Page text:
In Thing: Louise Jackson scarves

'They're very dated,' says Louise Jackson about her scarves. 'I want them to look old-fashioned. Not like something that's very 1994.' And the hand-dyed velvet scarves do look like prizes salvaged from a vintage drama cupboard. Among them a long thin Twenties-ish butterfly scarf which widens at the ends, and a chic, black Garboesque opera coat scarf with secret pockets (for love letters, smelling salts and purloined trinkets). All are rich high-style 'must haves' for posers, prima donnas and party goers.

True Gripes: Get a grip and hang on: Escalators can leave you out of step

Have you ever suffered the horrors of out-of-synch handrail syndrome? It is a curse which befalls unwary Tube passengers and department store shoppers. It can strike any time you board an escalator and its effects can be devastating.

Political Commentary: Brimstone and treacle for the battle-weary troops

A FEW weeks ago Mrs Teresa Gorman accused Mr Michael Heseltine of disloyalty to the Prime Minister. She expressed her meaning by saying that Mr Heseltine was 'putting his puddings out for treacle'. I thought at the time that this must mean something incredibly filthy, but refrained from saying so, for fear of causing offence (which it has always been my purpose to avoid, as much to Mrs Gorman as to anyone). Instead I restricted myself to a reference to Finnegans Wake. Mrs Gorman now writes to inform me that 'the expression was used in our neighbourhood about any woman considered to be putting herself forward for attention - or suspected of paying the tradesmen's bills in 'kind']'

ETCETERA / Design Dinosaurs: 18 The Pakamac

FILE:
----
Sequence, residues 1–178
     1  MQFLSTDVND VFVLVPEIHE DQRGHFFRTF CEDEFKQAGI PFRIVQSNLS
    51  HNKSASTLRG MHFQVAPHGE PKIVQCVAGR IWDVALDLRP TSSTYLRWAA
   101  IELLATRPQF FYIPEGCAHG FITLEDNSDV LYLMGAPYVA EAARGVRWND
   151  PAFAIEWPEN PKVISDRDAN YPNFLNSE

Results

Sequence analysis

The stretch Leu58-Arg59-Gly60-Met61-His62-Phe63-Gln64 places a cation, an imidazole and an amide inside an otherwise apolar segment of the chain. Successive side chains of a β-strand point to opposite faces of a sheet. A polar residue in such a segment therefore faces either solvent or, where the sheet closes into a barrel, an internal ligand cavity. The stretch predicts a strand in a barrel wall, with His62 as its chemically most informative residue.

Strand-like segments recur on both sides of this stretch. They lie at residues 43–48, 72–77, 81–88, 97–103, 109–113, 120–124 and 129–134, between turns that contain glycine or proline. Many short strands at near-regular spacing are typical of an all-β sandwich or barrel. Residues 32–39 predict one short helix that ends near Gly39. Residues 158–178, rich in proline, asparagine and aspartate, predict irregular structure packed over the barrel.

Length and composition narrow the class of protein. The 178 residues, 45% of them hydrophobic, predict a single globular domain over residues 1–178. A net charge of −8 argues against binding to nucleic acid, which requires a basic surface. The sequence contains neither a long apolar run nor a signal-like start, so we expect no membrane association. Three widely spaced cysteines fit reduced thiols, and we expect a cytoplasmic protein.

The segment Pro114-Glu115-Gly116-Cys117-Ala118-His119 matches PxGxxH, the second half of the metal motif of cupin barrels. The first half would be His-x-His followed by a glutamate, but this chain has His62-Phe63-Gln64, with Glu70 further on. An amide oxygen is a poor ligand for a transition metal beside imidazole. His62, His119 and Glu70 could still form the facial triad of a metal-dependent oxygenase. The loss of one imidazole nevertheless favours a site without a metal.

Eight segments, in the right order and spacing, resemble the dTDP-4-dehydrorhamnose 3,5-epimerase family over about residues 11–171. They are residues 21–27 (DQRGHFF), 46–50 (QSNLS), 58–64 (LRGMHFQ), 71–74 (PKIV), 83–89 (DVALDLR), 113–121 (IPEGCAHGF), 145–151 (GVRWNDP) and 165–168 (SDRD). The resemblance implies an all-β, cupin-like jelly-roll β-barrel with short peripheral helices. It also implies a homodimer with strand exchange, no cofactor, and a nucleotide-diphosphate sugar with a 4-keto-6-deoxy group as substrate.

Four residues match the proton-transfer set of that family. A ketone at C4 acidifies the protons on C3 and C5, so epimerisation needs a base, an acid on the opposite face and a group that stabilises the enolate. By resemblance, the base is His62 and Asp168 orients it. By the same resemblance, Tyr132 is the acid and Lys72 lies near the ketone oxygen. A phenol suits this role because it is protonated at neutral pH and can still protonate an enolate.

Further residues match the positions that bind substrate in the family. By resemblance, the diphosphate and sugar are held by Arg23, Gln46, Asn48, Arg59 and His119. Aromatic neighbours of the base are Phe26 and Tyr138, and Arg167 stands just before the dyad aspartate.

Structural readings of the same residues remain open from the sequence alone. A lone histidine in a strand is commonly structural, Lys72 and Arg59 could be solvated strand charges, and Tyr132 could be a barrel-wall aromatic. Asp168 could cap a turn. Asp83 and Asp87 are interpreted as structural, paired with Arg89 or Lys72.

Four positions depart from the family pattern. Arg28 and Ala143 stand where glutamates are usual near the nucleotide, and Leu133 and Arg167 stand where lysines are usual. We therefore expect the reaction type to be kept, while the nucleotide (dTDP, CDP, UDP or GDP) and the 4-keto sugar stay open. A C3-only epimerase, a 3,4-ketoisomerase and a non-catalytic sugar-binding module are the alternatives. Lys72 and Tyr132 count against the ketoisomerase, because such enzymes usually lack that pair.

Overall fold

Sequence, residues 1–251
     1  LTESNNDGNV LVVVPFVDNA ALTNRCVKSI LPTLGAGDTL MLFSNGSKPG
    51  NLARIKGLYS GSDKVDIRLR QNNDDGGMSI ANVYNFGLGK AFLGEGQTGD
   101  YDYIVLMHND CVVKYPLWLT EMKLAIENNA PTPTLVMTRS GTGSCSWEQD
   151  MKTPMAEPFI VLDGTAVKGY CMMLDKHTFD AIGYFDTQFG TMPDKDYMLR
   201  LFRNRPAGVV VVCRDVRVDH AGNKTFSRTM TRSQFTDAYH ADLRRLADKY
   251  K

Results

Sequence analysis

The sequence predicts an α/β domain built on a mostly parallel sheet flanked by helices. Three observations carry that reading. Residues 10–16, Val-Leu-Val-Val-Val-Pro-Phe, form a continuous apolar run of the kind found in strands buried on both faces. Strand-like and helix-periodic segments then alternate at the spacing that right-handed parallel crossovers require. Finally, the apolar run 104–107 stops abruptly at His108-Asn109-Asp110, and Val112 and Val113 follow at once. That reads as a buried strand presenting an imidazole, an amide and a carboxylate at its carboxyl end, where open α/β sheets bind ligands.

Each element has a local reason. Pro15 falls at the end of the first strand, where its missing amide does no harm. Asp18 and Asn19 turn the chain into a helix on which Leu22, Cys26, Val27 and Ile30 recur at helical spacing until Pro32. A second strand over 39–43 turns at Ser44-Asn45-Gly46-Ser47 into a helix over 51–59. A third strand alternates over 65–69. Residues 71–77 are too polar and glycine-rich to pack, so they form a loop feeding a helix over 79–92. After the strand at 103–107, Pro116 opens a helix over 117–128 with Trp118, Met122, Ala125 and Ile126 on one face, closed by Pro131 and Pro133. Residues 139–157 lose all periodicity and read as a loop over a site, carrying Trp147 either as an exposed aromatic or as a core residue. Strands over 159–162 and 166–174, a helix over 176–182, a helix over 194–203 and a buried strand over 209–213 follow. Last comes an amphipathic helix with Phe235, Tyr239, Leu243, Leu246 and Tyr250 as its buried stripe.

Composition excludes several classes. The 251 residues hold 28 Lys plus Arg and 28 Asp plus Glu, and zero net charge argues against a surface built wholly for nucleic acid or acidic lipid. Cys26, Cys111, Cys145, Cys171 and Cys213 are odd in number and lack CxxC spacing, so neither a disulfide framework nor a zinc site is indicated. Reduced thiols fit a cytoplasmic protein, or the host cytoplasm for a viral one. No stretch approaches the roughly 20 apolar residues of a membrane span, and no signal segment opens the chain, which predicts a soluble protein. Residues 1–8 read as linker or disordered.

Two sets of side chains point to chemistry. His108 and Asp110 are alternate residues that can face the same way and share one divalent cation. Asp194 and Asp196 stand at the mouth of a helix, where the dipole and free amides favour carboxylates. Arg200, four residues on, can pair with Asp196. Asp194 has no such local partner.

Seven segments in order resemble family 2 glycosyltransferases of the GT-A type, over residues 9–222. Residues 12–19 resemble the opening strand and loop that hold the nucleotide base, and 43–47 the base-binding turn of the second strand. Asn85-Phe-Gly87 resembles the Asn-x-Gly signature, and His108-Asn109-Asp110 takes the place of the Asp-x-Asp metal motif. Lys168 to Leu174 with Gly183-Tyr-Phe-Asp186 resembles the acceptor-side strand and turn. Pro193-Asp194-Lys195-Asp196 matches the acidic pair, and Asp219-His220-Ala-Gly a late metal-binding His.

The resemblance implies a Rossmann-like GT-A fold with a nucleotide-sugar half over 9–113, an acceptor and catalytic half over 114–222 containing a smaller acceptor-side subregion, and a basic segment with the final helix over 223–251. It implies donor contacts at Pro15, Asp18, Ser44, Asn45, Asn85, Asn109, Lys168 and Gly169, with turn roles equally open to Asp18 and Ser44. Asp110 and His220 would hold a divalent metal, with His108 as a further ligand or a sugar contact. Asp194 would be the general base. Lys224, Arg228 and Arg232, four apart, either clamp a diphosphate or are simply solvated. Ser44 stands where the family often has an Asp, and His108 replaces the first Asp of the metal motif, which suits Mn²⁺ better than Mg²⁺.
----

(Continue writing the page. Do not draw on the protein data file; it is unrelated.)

IN THE 1820s Charles Macintosh fabricated the first genuinely waterproof waterproof from his own patented 'india-rubber cloth', using proofed seams. In 1851 George Spill inserted metal eyelets under the armpits to provide an outlet for perspiration. A year or two later, Crimean war hero Baron Raglan devised a garment from old potato sacks to keep his soldiers warm. It had diagonal slashes across the corners, from which developed the roomy 'raglan sleeve' for over-garments. In 1914 Thomas Burberry designed his weatherproof for warfare, the trench-coat. It was in 1949 that Leslie Cohen made the final entry in the Cloakroom of Fame. He adapted these classically styled garments to the material of the moment: plastic.

Leading Article: A bit of social history gone for a Burton

ANYONE who remembers the high streets of Britain between the Thirties and Sixties may find it scarcely credible that, as reported in our Business section today, Burton is to contract out the selling of suits in its own shops. In those days, where there was a high street there was a Montague Burton shop, its vacuously smiling dummies promising a suiting of decent, if unexciting, quality.

Body in harbour

Police were trying to identify the body of a woman found floating in the harbour at Dover, Kent. The woman, who was black and in her late forties, was wearing a blue swimming costume under a raincoat.

BOOK REVIEW / The dilemma of not being where we hoped: 'The Empty Raincoat' - Charles Handy: Hutchinson, 12.99

As we become more familiar with the shape and character of this decade, the profound issues of our time come into clearer focus. There is no more difficult nor central issue than the apparently growing divergence between the needs of business and that of society at large.

Sales]: Looking for a bargain? Start the search here